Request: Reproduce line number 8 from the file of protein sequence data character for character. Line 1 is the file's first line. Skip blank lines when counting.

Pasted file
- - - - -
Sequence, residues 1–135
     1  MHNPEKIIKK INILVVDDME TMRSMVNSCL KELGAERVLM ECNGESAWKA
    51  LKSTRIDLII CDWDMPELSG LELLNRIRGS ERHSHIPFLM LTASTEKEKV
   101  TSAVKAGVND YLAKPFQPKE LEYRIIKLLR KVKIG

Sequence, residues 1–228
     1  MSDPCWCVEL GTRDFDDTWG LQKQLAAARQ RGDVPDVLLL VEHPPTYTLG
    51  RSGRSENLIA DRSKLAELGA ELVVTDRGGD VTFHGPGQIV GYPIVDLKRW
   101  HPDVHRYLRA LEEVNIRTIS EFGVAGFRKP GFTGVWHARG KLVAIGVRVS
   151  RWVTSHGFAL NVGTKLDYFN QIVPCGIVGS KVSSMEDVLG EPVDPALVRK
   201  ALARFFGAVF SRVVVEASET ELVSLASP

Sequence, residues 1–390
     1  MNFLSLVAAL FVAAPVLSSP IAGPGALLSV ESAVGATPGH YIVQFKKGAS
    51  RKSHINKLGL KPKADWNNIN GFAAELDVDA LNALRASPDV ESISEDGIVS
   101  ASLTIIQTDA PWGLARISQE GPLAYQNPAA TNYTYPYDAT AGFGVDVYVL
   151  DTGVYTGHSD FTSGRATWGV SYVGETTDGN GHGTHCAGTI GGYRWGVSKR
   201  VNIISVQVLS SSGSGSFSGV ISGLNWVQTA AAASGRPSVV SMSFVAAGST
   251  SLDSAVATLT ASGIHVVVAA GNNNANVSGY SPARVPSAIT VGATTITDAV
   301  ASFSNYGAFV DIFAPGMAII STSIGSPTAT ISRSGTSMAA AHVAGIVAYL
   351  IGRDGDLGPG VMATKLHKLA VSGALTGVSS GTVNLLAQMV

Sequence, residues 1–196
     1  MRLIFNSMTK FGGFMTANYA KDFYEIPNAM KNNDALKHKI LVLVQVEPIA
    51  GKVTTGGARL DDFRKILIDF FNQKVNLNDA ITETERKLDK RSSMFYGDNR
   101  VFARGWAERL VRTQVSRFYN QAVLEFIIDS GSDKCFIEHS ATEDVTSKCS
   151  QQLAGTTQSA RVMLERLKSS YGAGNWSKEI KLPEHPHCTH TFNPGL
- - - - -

   101  HPDVHRYLRA LEEVNIRTIS EFGVAGFRKP GFTGVWHARG KLVAIGVRVS